IF11: How Biomimicry Applies to Innovation

IF11: How Biomimicry Applies to Innovation

Sometimes, talking about new ways of approaching business benefits from looking at some of the world's oldest ways of doing business.

At the GreenBiz Innovation Forum -- our three-day event focused entirely on bringing fresh ideas and fresh focuses on the concept of sustainable innovation within business -- we spent more than two hours looking at how nature can inspire innovation.

Biomimicry is no stranger to these pages, of course -- we've long looked at the ways that natural systems can make everything from buildings to fuel greener and more efficient.

At yesterday's sessions, Dayna Baumeister, co-founder of the Biomimicry Guild -- which is now rebranding as Biomimicry 3.8, a reference to the 3.8 billion years that life has existed on Earth.

In all that time, natural systems have figured out plenty about innovation.

At its core, "Sex is innovation," Baumeister said during the intro to her presentation yesterday. "Without sex, we get inbreeding."

You can also look at sex as the idea of mixing, getting out, sharing, "taking ideas from one place and spreading it elsewhere," she explained. That idea of going outside is central to harnessing biomimicry, because "outside" is where the roughly 30 million other species that we share the planet with make their homes and do their innovation.

"We're here because we want to do business differently," Baumeister said. "Sustainable means sticking around for 100,000 years. How does that happen? How do we go out and mix those genes?"

Over the course of a 45-minute presentation to the entire audience at the Innovation Forum, Baumeister showed attendees how biomimetic principles are working to make the world greener. From safer flame retardants to mercury-free vaccines, scientists and researchers are steadily scouring the natural world to find simpler solutions to complex problems.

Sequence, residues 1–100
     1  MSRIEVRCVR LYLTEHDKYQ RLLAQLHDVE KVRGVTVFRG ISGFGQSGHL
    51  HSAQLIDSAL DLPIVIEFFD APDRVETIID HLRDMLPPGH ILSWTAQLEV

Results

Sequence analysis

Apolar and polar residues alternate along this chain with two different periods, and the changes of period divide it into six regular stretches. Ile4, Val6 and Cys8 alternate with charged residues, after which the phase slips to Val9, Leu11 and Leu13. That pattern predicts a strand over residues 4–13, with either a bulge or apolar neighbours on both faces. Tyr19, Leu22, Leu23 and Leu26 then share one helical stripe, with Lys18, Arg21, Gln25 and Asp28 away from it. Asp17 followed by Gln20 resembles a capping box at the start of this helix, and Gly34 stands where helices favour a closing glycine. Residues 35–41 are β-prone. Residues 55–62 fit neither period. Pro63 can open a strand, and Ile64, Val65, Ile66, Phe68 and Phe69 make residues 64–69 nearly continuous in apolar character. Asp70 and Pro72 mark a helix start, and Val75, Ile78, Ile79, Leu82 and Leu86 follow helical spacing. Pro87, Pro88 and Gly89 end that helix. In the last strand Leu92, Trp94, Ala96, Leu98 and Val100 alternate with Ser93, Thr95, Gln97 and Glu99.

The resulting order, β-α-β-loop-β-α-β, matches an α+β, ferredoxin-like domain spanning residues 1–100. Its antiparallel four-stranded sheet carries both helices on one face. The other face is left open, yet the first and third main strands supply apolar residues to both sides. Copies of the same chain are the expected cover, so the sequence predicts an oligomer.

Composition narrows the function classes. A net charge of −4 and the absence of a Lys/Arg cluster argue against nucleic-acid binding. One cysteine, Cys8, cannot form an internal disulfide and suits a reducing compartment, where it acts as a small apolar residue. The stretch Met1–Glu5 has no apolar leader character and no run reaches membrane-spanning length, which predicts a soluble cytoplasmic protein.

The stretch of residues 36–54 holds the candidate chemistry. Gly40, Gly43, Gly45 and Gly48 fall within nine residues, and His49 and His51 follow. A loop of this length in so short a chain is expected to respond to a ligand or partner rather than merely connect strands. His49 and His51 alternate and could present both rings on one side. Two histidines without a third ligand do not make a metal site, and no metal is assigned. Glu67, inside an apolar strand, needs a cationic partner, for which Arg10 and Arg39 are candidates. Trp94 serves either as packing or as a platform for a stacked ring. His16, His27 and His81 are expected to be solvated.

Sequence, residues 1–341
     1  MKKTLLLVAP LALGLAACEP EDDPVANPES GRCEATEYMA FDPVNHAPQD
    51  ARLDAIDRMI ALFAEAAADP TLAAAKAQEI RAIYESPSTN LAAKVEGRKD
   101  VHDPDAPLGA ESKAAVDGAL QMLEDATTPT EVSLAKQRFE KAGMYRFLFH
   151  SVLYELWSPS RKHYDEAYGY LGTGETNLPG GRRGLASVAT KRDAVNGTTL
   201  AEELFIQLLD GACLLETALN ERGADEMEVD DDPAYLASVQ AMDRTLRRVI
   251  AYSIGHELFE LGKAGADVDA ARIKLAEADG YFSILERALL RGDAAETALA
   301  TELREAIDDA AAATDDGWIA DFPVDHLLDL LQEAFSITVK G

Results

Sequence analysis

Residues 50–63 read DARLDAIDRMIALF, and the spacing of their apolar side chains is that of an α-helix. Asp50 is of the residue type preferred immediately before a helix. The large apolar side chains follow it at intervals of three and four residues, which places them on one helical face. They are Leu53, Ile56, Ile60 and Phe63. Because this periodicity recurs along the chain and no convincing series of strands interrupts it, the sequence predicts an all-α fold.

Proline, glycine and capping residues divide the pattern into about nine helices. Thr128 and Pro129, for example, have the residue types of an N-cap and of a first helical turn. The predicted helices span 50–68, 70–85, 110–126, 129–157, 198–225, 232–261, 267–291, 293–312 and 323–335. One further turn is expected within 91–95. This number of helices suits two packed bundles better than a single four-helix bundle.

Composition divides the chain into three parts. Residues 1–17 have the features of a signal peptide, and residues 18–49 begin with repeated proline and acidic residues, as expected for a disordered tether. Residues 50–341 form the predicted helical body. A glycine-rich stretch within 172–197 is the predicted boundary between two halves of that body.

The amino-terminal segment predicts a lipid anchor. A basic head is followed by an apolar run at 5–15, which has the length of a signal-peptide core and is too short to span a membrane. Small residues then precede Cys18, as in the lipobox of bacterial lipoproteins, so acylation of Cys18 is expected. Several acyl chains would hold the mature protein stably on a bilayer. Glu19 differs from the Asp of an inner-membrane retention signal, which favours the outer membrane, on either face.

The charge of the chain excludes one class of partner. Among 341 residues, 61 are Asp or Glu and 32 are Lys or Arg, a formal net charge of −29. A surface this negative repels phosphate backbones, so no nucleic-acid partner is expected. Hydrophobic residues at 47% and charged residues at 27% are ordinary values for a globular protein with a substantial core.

Later in the day, Baumeister and her team hosted a nearly two-hour workshop that dug in a little deeper into the practice of biomimicry.

During that session, the group broke into small teams to try to put into practice the three ways that Baumeister said biomimicry is practice:

  1. Emulation: Learn from the natural world and apply it to a challenge.
  2. Ethos: The sustainability element is critical to biomimicry, Baumeister said, and approaching it with the intention of achieving some good in the world.
  3. (Re)connect: Connect back to nature, regain some of the early connections that almost everyone has with the natural world.

The practice during the biomimicry workshop involved digging through Baumeister's extensive collection of natural relics -- ranging from a shark spine to elephant skin to a marmot tail, as well as honeycombs, flowers, coral and many other fragments of nature. Groups were then instructed to take some of those items and figure out what nature could teach us about solutions to business problems.

The exercise itself doesn't convey very well in print, but participants -- myself included -- got engaged with the practice. There's something to be said at having some time to simply marvel at how nature has constructed beautiful and elegant solutions to big problems.

My group of four chose packaging as our challenge, specifically secondary packaging and wasted materials shipments to suppliers. And while we didn't come up with any really elegant solutions, we spent the better part of an hour playing with a flower's seed-pod, a rattlesnake skin, a seashell, a pile of moss, some bird feathers and the aforementioned marmot's tail.

In the process, we learned (with the help from Baumeister and her colleagues) that the honeycomb uses nature's strongest structure -- the 120-degree angle -- and the fact that hexagons are nestable with no wasted space in between -- and that auxetic materials can stretch and get thicker rather than thinner, which offers promising fixes to packaging problems.

Other groups during the session worked on managing temperature in homes and making public transit rides more pleasant; although none of us came up with million-dollar solutions, there was a real sense of a level of engagement and excitement from the exercise.

Here's how Baumeister summed up the most important skill to exploring biomimicry: "Quieting the cleverness and getting back into our childlike minds."

In short, asking the questions about how little things can work together on big problems is the core of biomimicry -- and a fundamental feature of innovation.

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